Nunatsiaq Online
NEWS: Around the Arctic July 10, 2017 - 7:45 am

“Igloo Art” certification now in Inuit hands

“The notion of a government authenticating Inuit art has come and gone"

STEVE DUCHARME
The Inuit Art Foundation's executive director, Alysa Procida, shows off the new
The Inuit Art Foundation's executive director, Alysa Procida, shows off the new "Igloo Art" certification logo at an announcement in Iqaluit July 7. (PHOTOS BY STEVE DUCHARME)
A crowd gathers at Iqaluit's Hotel Arctic July 7 to hear details of the new Inuit-controlled
A crowd gathers at Iqaluit's Hotel Arctic July 7 to hear details of the new Inuit-controlled "Igloo Art" certification which will replace the decades-old, government-controlled "Eskimo Art" logo and management structure.

One of Canada’s most recognizable art certifications will continue into the future under Inuit management for the first time in its history—and it’s got a new name to mark the occasion.

“Eskimo art” Igloo tags, a certification program for Inuit art that began in 1958, was formally transferred from federal government control to the Inuit Art Foundation during an afternoon event at Iqaluit’s Hotel Arctic, July 7.

“Times have changed since 1958,” said Indigenous and Northern Affairs’ director of Inuit relations, Elizabeth Logue, who appeared alongside representatives of the Inuit Art Foundation and Inuit Tapiriit Kanatami.

The North’s gold standard for art authentication will be renamed “Inuit art,” which was, coincidentally, the starting point of negotiations between Ottawa and the IAF, when representatives scrawled out the updated logo on a piece of paper at a meeting, Logue explained.

“The notion of a government authenticating Inuit art has come and gone and its time for the tag to be led and organized by an Inuit-led organization,” she said.

Negotiations for the transfer have been ongoing since 2014, said IAF chairman Sammy Kudluk, who went on to credit the hard work of both sides in the deal.

IAF said the next step would be conducting a series of consultations with communities, artists and sellers to determine how the tag can be updated to suit Inuit needs.

Those consultations will foster confidence in the brand, IAF’s executive director, Alysa Procida said, with the goal to become more “responsive and accountable” to Inuit artists.

According to an economic snapshot commissioned by INAC earlier this year, Inuit art contributed more than $87 million to the Canadian economy in 2016—factoring in all media such as visual art, music, writing and publishing.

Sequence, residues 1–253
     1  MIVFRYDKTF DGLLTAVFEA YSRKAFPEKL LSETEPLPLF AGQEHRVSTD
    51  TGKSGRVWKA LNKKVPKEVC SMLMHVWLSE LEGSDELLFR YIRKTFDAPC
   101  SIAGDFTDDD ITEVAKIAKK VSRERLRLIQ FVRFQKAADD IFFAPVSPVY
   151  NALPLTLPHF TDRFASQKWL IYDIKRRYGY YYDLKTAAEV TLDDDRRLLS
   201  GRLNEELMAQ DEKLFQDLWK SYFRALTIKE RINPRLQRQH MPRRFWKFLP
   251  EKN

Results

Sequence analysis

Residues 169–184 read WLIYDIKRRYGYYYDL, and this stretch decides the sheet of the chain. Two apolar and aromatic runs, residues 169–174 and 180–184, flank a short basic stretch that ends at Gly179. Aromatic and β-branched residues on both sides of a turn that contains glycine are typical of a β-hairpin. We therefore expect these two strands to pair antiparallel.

In Nunavut, the visual arts and crafts economy alone was worth more than $37 million in 2015.

The Igloo tag trademark was valued in the survey at about $3.5 million.

However, in a statistical quirk, the study noted that consumers had far more confidence in the tag than wholesalers.

Wholesalers said the igloo authentication added an average value of $7.27 to an item whereas consumers polled felt the tag added $117.23 in value, on average.

ITK President, Natan Obed, said the recognizable black and white igloo logo is often the first ambassador for Inuit culture outside of Inuit Nunangat.

“They don’t necessarily have a connection with the community [where the art was made] but they have the tag,” he said, which leads them to explore where the work came from.

“Not only is this something that helps authenticate Inuit art but it also helps spread understanding about Inuit, not just in the moment when the art is produced, but during the life of that piece of art, wherever it goes in the world.”

Obed said Inuit are natural artists who many times balance their creativity with other passions, like his own 10-year-old son who he said wants to be an artist and a fish scientist.

“So many people in our society are artists naturally, despite doing other things in life,” he said.

The INAC commissioned report supports Obed’s claim—only about 10 per cent of Inuit visual artists in Canada report making more than $20,000 annually from their work.

The majority—36 per cent—makes less than $1,000 annually, according to 2016 data provided by Statistics Canada.

The report “help guide policy and address gaps in various sectors,” Logue said, since many of the statistics on the Inuit art economy were non-existent before the study was commissioned.

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